David Higgerson, head of multimedia for Trinity Mirror Regionals, in discussing the rights and wrongs of Facebook carrying the "Raoul Moat legend" pages, argues on his blog that there should be a way that critics of Facebook pages could register their voice.
He writes: "Facebook’s reason for not taking the [Raoul Moat] pages down is that it felt the pages did not breach its terms and conditions. So free speech rules on Facebook? Maybe not. An interesting point made on Kate Silverton’s show on Five Live on Sunday morning was that many of those people who had become fans of these pages had done so so they could condemn the page.
"That’s the point, to me, which suggests Facebook has managed to actually stifle free speech. You have a situation where someone can create something you might find outrageous, yet you’ve no way to argue against it, other than making yourself a fan of it and then criticising it. A bit like a member of an anti-fascist group joining the BNP to infiltrate it from within – it bolsters the membership number in the short term.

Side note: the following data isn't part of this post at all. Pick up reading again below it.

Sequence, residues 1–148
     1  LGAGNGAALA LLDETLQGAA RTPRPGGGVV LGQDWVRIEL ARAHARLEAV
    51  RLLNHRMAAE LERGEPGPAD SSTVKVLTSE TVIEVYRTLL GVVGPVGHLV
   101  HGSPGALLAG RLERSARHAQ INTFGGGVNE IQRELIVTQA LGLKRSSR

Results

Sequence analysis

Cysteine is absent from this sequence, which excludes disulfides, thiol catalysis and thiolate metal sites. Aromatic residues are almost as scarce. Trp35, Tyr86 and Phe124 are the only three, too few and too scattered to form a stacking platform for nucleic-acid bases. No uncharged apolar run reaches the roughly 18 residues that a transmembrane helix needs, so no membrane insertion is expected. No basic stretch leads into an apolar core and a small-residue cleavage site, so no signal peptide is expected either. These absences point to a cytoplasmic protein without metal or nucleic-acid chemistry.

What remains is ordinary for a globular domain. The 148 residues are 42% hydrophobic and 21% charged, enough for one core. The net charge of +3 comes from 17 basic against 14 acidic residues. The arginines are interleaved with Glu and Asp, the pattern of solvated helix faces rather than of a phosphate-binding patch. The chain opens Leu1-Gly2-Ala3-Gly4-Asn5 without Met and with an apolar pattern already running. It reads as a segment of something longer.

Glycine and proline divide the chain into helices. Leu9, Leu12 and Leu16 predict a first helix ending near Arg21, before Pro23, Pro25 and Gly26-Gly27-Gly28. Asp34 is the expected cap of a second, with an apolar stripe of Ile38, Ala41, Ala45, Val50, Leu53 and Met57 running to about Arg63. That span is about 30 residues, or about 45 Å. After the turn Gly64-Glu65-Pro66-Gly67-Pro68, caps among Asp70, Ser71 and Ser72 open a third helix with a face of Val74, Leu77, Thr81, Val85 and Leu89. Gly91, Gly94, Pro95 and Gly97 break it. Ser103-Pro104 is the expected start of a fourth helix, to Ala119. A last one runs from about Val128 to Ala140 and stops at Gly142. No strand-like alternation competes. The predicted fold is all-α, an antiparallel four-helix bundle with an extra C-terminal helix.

"It feels as though the balance has been tipped too far in favour of people being able to say what they like, with very little scope for fair discussion – unlike on Twitter where a comment can be challenged on equal terms within seconds.
"So what’s the solution? To me, it appears simple: The ‘become a critic’ button. Don’t like a theme? Sign yourself up as a critic, get the same access as a fan to make your point. It’s right that Facebook stands up to suggestions it removes pages at the drop of a hat, but by not having the facilities in place to allow free speech to become free debate, there’s a danger the pressure to censor will simply grow and grow.